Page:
The first little snippet is where you place your latitude and longitude numbers that we found earlier. You may or may not have a “-” in front of either of these numbers. It depends on the location.

The “zoom” var is how far in or out the map is zoomed on page load. You’ll have to experiment with these. Try using multiples of 4 (4,8,12,16 etc.).

The next bit of code is for the marker. First it calls a ‘click’ function so if you click on the red marker, a description pops up. The description codes follows and it consists of a H2 tag with an id and class of “firstHeading”. It’s then followed by a p tag that you can put any info about the location that you want. I think you can even add other things like img tags to place photos with your description.

Understanding Margin and Padding

written by: jason 1 Comment
Understanding Margin and Padding

Before I started designing for the web, I read a lot of blogs and tutorials on box modeling. Box modeling is basically the html way of laying out your design in a series of “divisions”, referred to as divs, or any other block-level elements (ex. h1-h6, paragraphs, block-quotes, unordered lists, ordered lists, etc.) and then controlling their precise location using your stylesheet (css). One way of fine tuning these elements is with margins and padding. This illustration shows the relationship between margin and padding to an element. In this case, a box:

margin and padding

Adding a Border

That was easy enough to comprehend. Now let’s dig a little deeper. What happens if you add a border? Let’s say you have a box with a width of 100px and margin left and right of 10px each. The total width is calculated by adding the width of the box (100px) + both right and left margins (10px+10px=20px). That would make a total width of 120px.

Now let’s add a 1px border around the entire box (graphic below). Guess what? You just increased the overall width of that box by 2px (1px on the left and 1px on the right).

margin with border

Same thing goes for padding. If you add padding back into the mix, you’ll have to remember to account for those values when determining your overall width (or height).

Where does this come into play?

The most common place to see this in action is in a sidebar. Here’s the scenario. You have a fixed width layout with you blog posts on the left and a sidebar on the right. You know your div wrapper is say 930px wide. Therefore, you calculate that you can have your blog posts be 600px wide and your sidebar 330px wide. So you go to your favorite browser load it up and lo and behold, your sidebar is floating down beneath your blog posts! WTF?! Nine out of ten times, you probably have either a stroke or margin on the left side of your sidebar or a stroke or margin on the right hand side of your main content which holds your blog posts. Subtract the total width of the stroke or margin from either the sidebar or content area and it should bounce right back up where it belongs. It’s an easy fix but can cause a major headache if you forget to account for that. ๐Ÿ™‚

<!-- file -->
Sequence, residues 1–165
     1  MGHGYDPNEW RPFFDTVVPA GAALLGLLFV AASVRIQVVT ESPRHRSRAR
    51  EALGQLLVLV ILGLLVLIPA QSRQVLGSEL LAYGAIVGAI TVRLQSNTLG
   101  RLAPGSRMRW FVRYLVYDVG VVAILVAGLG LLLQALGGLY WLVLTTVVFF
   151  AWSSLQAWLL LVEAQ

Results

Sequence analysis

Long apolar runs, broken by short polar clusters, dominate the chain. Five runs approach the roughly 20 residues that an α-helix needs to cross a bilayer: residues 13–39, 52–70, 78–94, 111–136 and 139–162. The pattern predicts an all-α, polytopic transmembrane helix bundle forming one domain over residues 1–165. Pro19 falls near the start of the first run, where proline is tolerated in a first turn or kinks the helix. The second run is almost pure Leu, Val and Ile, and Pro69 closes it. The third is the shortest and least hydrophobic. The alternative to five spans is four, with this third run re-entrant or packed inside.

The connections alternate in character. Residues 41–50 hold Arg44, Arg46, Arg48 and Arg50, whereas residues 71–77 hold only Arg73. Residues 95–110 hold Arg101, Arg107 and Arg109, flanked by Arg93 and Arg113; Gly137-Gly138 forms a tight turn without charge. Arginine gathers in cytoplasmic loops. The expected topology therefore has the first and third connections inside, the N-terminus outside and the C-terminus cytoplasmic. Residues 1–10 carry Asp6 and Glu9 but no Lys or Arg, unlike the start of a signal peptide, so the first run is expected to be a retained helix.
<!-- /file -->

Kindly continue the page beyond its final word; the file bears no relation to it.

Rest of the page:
Widgetizing a Sidebar in WordPress

written by: jason
Widgetizing a Sidebar in WordPress

How do you “widgetize” your WordPress sidebar? It’s actually pretty easy. But first, what is a widget? A widget is a little piece of code that creates a module that you can drag anywhere into your sidebar via the admin area of your WordPress install. A couple of examples might be a calendar or tag cloud. You can find the widget area under “Appearance” in the left hand column.
If you are using lists as your sidebar.php, i.e. category lists, page lists, blogroll etc, then you would have something that looks like this in your html.

  1. <ul id="sidebar">
  2.    <li id="categories">
  3.       <h2>HTML</h2>
  4.         <p>link goes here</p>
  5.    </li>
  6.    <li id="links">
  7.       <h2>Blogroll</h2>
  8.         <p>link goes here</p>
  9.         <p>link goes here</p>
  10.         <p>link goes here</p>
  11.    </li>
  12. </ul>
<ul id="sidebar">
   <li id="categories">
      <h2>HTML</h2>
        <p>link goes here</p>
   </li>
   <li id="links">
      <h2>Blogroll</h2>
        <p>link goes here</p>
        <p>link goes here</p>
        <p>link goes here</p>
   </li>
</ul>

It consists of two list items (categories and links) with titles (HTML and Blogroll) wrapped in h2 tags. Now, all we have to do is add three lines of code inside our unordered list and we’re all set (lines 2, 3 and 14 below).

  1. <ul id="sidebar">
  2. <?php if ( !function_exists('dynamic_sidebar')
  3.        || !dynamic_sidebar() ) : ?>
  4.    <li id="categories">
  5.       <h2>HTML</h2>
  6.         <p>link goes here</p>
  7.    </li>
  8.    <li id="links">
  9.       <h2>Blogroll</h2>
  10.         <p>link goes here</p>
  11.         <p>link goes here</p>
  12.         <p>link goes here</p>
  13.    </li>
  14. <?php endif; ?>
  15. </ul>
<ul id="sidebar">
<?php if ( !function_exists('dynamic_sidebar')
        || !dynamic_sidebar() ) : ?>
   <li id="categories">
      <h2>HTML</h2>
        <p>link goes here</p>
   </li>
   <li id="links">
      <h2>Blogroll</h2>
        <p>link goes here</p>
        <p>link goes here</p>
        <p>link goes here</p>
   </li>
<?php endif; ?>
</ul>

Cool! That was simple. But not so fast. We aren’t quite finished yet. Open your functions.php file and make this small addition to it. Once you do that, you can visit the “widgets” section in your WordPress admin area and drag all the widgets that you want into your sidebar. ๐Ÿ™‚

  1. <?php
  2. if ( function_exists('register_sidebar') )
  3.     register_sidebar();
  4. ?>
<?php
if ( function_exists('register_sidebar') )
    register_sidebar();
?>